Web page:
My Plan

I plan to help teach the elementary aged children at our school about solar energy by showing them solar cookers with the aid of a teacher. Even without solar panels, these cookers are able to use the energy from the sun to cook food. Through this effort, I hope to increase the common awareness of more sustainable energy. Below are instructions to build a DIY solar cooker. Please note this type of cooker should not be used for cooking of any meat or any substance that may cause sickness if not cooked well enough.

I also am attempting to get solar panels installed near our sports fields to power lighting for example. To accomplish this I have searched for grants within my state. This coming August I will be joining with my environmental club leaders as well as my librarian to write an application for this grant. Hopefully, when this installation works we will be able to gather more support for more installations around campus or increase awareness about sustainability.

Step One

Collect the following materials: a pizza box, glue(or tape), a ruler, black construction paper, plastic wrap and foil.

Step Two

Carefully measure a 6×6 square on the top of the pizza box and cut out three sides. The product should look like this

 

Step 3

Then cover bottom of the newly cut flap entirely with foil. Make sure to either tape or glue this to box.

Step 4

Cover the bottom of the box with black paper. This will attract more heat and help the solar cooker stay warm.

Step 5

Cover the sides on the interior of the box with foil to help trap more heat inside the box.

Step 6

Cover the hole in the top of the box with a plastic wrap to keep heat inside the box, and pop in smores.

 

Works Cited

“Build a Solar Oven.” Build A Solar Oven | Science Project for Kids. N.p., n.d. Web. 18 Apr. 2017. <https://www.homesciencetools.com/a/build-a-solar-oven-project>.

“Fact Sheets.” Quick Facts: Nuclear Energy in America – Nuclear Energy Institute. Nuclear Energy Institute, July 2016. Web. 02 Mar. 2017.

Maehlum, Mathias A. “Top 10 Benefits of Going Solar.” Energy Informative. Energy Informative, 26 May 2015. Web. 23 Mar. 2017. <http://energyinformative.org/benefits-of-solar-panels/>.

Ritland, Kyle. “3 Environmental Benefits of Solar Energy.” 3 Environmental Benefits of Solar Energy. Sun Valley Solar Solutions, 2 Oct. 2015. Web. 23 Mar. 2017. <https://www.svssolutions.com/blog/three-environmental-benefits-solar-energy>.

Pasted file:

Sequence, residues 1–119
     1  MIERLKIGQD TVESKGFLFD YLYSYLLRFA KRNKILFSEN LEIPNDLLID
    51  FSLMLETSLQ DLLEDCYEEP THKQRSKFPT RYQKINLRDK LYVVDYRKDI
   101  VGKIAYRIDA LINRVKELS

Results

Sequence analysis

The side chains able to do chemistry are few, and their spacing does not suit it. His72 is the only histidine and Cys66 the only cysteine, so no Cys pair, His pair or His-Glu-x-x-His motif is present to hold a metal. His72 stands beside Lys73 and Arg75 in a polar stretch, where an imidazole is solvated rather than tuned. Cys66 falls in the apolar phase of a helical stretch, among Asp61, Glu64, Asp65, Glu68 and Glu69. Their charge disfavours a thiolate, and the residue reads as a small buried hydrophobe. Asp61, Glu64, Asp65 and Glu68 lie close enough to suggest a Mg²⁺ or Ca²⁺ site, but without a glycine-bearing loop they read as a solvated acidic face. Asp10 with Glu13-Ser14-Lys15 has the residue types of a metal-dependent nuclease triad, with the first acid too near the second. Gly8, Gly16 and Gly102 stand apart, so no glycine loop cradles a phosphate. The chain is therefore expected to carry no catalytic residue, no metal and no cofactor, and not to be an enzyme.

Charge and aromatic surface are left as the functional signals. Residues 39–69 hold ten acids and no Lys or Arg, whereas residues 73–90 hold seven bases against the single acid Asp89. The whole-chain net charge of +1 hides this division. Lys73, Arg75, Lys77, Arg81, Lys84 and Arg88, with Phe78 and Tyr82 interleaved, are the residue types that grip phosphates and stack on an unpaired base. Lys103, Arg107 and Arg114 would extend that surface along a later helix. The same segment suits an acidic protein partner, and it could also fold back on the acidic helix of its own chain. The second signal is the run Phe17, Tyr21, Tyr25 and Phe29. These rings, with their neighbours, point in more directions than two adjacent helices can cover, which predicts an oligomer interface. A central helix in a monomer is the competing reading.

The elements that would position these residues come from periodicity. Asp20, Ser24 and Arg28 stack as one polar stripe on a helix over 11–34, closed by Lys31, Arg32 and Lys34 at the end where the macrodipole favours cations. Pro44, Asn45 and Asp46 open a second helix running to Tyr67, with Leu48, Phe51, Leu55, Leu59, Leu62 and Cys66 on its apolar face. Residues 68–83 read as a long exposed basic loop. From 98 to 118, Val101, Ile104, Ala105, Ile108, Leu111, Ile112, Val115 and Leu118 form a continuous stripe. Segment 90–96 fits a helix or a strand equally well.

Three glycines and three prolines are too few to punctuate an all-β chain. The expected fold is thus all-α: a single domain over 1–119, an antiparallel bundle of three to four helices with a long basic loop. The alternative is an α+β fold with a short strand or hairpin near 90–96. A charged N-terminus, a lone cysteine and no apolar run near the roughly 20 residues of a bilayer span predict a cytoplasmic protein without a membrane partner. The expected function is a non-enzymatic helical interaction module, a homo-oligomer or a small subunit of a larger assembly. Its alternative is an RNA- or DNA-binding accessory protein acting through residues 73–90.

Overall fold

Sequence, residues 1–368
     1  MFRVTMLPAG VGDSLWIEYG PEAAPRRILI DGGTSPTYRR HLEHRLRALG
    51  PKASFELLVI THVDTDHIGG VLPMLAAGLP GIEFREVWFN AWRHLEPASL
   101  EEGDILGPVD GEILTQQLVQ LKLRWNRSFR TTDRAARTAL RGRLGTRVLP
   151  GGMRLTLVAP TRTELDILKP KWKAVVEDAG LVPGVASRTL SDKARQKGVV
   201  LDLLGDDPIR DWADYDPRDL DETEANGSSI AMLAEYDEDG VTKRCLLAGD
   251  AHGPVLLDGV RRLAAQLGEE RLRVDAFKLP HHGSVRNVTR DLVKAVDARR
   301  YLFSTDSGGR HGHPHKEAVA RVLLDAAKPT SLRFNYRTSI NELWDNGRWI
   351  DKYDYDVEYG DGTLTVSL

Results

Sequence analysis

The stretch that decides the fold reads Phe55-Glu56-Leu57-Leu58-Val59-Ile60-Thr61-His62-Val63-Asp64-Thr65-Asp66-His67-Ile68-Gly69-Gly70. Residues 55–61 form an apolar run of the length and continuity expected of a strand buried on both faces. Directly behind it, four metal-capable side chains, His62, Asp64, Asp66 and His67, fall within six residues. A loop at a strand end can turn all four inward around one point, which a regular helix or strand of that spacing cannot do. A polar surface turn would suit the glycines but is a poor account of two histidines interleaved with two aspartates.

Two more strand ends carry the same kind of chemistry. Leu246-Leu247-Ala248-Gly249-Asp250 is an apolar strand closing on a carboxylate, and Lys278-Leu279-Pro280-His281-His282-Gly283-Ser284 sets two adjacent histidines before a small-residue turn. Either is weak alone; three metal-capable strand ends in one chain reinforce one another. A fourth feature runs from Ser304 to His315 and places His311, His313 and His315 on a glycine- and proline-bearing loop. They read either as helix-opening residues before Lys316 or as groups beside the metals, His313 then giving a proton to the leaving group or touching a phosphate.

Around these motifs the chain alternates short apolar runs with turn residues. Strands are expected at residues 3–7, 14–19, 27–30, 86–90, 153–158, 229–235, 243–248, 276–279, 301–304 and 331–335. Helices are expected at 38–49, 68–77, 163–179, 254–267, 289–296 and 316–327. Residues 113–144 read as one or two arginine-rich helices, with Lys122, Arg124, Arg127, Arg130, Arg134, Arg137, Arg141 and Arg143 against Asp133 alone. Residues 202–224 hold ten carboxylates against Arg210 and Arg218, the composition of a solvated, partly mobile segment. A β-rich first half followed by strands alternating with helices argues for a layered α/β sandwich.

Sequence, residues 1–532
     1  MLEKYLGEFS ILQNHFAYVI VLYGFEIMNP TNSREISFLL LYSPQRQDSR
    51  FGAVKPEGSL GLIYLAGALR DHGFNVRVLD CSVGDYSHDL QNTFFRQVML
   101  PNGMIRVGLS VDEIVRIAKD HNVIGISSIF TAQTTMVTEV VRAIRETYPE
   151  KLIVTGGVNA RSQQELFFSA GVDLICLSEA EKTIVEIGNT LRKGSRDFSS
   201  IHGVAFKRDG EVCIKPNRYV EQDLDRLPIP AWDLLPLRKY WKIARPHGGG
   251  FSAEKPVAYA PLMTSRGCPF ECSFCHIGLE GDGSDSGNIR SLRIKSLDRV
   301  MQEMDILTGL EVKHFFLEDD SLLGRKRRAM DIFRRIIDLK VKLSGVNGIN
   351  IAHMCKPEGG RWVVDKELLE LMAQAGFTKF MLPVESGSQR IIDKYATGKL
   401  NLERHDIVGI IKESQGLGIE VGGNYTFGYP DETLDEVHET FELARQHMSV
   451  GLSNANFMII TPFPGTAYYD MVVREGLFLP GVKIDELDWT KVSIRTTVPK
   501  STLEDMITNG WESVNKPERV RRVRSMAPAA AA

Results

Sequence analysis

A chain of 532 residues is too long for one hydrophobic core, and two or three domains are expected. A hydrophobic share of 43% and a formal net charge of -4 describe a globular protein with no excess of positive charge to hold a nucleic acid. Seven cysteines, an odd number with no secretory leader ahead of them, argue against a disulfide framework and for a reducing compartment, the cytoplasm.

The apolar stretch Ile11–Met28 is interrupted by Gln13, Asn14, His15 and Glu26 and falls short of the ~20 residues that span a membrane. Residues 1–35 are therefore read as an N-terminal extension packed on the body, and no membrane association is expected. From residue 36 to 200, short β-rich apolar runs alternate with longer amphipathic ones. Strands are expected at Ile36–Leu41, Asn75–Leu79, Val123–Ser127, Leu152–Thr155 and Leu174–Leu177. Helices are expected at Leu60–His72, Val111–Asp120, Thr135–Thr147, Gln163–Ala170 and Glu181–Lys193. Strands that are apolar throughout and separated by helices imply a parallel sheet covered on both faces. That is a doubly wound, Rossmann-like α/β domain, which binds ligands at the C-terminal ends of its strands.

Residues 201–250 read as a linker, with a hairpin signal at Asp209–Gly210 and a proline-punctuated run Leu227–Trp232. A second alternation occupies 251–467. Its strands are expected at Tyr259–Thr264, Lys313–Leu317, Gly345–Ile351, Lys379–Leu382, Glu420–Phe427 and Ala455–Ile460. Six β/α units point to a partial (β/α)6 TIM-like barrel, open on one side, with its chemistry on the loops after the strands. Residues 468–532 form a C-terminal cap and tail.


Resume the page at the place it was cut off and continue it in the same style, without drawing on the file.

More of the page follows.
Powers, Diana S. “Solar Power Begins to Shine as Environmental Benefits Pay Off.” The New York Times. The New York Times, 10 Nov. 2013. Web. 23 Mar. 2017. <http://www.nytimes.com/2013/11/11/business/energy-environment/solar-power-begins-to-shine-as-environmental-benefits-pay-off.html>.

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COMMENTS: 3
  1. April 30, 2017 by Susan

    Inspired by your work and so appreciate your interest in this as well as your reaching out and working with younger students to spread awareness — and do so with hands-on lessons. You go!

  2. April 30, 2017 by Michelle Marshall

    In your introduction, it seems like you are going to critique the use of nuclear energy in developing regions: Despite nuclear energy providing many with electricity, a modern day necessity, it may not be the best option for developed countries… while later you comment – This could especially benefit third world countries … I would suggest that you keep more focused.

    Later you state data that does not have a context:
    Right now the major sources of power are nuclear and fossil fuel. (is this information referring to the world, North America, the US, or your state)?

    3)The amount of carbon dioxide produced by this type of energy was 564 million metric tons; this is the same amount is nearly that of roughly 128 million cars – you should be more specific – when the data refers to and what time period – is it per day, per month, per year? This will lend credibility to your point.

    I think you should build a stronger case for the solar oven activity that you are planning for younger students, otherwise, they may not get the connection. It is more of an awareness of the power of the sun than a means of alternative energy.

  3. April 30, 2017 by Mr. C

    I encourage you to keep pressing us for progress at CCES during your 12th grade year, Bailey!